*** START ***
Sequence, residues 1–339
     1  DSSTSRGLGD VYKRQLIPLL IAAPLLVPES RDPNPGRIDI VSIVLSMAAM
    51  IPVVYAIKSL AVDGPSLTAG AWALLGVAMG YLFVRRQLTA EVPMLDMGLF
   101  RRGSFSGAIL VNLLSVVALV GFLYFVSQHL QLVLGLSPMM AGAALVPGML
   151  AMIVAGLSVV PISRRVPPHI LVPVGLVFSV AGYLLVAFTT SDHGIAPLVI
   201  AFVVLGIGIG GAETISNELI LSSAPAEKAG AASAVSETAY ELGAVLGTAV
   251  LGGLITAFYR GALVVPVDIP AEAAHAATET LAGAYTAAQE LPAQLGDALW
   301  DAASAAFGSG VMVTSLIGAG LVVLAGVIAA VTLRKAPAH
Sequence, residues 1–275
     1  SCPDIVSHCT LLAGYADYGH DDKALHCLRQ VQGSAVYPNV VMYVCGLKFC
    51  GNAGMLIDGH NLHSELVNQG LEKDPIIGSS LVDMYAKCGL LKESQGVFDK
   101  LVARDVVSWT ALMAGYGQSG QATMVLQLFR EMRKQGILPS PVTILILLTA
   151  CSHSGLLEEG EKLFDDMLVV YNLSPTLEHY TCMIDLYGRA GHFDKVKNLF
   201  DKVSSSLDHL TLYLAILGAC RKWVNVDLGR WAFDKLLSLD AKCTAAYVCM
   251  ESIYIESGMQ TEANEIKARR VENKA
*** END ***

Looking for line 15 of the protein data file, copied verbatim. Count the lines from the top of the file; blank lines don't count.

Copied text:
   251  ESIYIESGMQ TEANEIKARR VENKA